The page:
Governments, pay attention. The online social media, which
innocuously started out as a medium of personal tell-all, is poised to be a
powerful catalyst of change as more tech-savvy people use the medium to
disseminate information once hushed up by governments.
“Technology, particularly communication technology, is
changing the world. Look at what is happening in the Arab world,” Mahfuz Anam,
the editor of Bangladesh-based English newspaper The Daily Star, said Monday.
“Nobody ever thought that there would be so many public
voices coming out and changing governments,” he added.
The spirit of protests in Tunisia spread across many Arab
nations where people sought change. News of the bloodless coup d’etat, as well
as the method by which it was achieved, even spread to China, prompting the
government to block access to Twitter and Facebook to prevent a repeat of such
events in the country.
“The social media must now be used to increase democracy, to
increase the participation of the people in running the country,” he told The
Jakarta Post at a discussion on the changing balance of power in Asia.
He added that social media, paired with laws on the right to
information, were also potent weapons against corruption by shedding light into
In addition to Bangladesh, Asian countries such as Indonesia
have laws stipulating that governments must provide information to the public
unless the information could jeopardize national security.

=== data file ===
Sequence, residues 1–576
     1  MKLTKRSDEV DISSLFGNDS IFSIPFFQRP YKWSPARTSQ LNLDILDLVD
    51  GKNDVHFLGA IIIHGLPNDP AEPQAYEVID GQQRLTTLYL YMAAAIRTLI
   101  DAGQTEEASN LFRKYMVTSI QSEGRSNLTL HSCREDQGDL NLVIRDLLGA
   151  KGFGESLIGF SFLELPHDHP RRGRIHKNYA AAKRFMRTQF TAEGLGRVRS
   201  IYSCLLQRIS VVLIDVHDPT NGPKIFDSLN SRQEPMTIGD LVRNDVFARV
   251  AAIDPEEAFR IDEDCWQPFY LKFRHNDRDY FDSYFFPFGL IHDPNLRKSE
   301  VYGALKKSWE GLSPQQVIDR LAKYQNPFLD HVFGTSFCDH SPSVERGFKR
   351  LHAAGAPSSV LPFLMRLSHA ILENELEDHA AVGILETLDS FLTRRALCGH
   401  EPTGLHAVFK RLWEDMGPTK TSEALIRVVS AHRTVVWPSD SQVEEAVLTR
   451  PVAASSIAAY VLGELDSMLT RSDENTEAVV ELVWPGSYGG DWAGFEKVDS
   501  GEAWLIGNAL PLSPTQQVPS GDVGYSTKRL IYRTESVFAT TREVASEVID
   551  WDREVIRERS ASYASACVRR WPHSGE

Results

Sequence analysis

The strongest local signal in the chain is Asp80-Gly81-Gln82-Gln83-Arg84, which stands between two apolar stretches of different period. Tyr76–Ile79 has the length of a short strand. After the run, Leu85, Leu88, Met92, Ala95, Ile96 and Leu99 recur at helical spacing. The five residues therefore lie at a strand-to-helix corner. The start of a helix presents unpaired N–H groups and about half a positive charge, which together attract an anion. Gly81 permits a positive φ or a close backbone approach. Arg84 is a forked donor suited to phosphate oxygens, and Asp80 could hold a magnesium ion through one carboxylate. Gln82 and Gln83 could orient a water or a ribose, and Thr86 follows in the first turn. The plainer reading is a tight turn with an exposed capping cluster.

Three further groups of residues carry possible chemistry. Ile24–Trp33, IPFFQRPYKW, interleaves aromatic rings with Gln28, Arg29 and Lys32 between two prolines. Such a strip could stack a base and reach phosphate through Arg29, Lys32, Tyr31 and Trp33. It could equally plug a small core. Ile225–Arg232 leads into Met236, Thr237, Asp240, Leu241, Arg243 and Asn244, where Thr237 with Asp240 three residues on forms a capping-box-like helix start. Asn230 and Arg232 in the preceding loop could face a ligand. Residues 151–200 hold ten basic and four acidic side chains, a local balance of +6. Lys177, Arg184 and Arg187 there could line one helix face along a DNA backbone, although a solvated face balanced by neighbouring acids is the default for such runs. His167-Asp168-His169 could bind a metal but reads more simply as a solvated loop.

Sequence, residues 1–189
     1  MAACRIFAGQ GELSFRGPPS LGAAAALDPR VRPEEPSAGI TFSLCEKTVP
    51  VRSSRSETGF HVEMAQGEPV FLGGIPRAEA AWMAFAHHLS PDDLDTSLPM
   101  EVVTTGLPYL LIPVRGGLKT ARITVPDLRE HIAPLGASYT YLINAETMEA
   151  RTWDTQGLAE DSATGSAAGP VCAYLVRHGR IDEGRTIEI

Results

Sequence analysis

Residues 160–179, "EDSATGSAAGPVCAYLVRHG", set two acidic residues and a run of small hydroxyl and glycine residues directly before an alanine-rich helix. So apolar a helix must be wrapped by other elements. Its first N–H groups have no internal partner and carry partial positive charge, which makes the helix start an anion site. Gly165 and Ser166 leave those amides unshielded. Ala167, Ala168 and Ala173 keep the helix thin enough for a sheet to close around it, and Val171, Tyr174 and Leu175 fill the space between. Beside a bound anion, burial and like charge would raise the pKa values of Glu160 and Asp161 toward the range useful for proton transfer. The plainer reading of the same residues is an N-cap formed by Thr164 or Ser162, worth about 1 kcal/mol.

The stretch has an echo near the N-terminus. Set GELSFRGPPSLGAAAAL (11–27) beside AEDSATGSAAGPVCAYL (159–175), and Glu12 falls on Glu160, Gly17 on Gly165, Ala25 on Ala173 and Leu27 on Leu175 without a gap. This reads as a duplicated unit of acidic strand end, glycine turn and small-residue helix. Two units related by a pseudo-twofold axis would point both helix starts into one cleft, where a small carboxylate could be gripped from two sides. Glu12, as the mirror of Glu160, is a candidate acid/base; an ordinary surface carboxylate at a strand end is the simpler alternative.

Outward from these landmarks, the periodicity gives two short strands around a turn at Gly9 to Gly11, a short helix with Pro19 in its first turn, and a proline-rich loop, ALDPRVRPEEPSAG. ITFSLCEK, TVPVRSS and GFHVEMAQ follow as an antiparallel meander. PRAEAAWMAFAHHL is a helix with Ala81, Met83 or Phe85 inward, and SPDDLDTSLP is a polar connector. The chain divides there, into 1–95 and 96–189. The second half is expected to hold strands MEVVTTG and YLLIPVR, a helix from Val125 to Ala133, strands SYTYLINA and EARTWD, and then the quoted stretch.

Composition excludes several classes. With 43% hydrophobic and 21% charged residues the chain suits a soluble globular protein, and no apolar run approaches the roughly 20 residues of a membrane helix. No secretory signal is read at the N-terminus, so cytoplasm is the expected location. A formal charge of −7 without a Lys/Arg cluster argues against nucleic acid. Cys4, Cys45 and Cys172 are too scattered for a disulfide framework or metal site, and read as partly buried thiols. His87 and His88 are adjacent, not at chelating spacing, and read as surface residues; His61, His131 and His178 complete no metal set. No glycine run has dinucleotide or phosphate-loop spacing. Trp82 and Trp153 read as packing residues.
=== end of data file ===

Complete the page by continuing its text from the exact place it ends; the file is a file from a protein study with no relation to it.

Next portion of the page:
“The cloak of secrecy is the weapon of corruption. When you
release that cloak of secrecy, corruption does not disappear but reduces
dramatically,” Mahfuz added.
Ravindra Kumar, the editor of Indian daily The Statesman,
added that the influence of social media stretched beyond the borders of a
He said foreign affairs could change as well after
governments of other countries read accounts on the true state of affairs in
another county through what residents of that country posted on social media
He added that diplomats, politicians and civil servants “who
have long put a cloak on foreign policy and strategic affairs” would be those
most affected by social media.
Social media can be used to increase participation in
political processes both within and outside the country. Wong Chun Wai, the
editor of Malaysian newspaper The Star, said candidates geared up for election
on Facebook and Twitter.
“They are discovering that this is the form of communication
through which they can now reach more individuals than mainstream media,” he
He said regional political entities such as ASEAN could
capitalize on the wide reach of social media in promoting causes valuable to
For example, he said, ASEAN could work with bloggers in Asia
to act as ambassadors to promote people-to-people relationships. However, a
“concerted effort to do so” must be made by ASEAN member states.
He added that social media would eventually change the
workings of ASEAN.
“You can see it coming. It’s only a matter of time,” he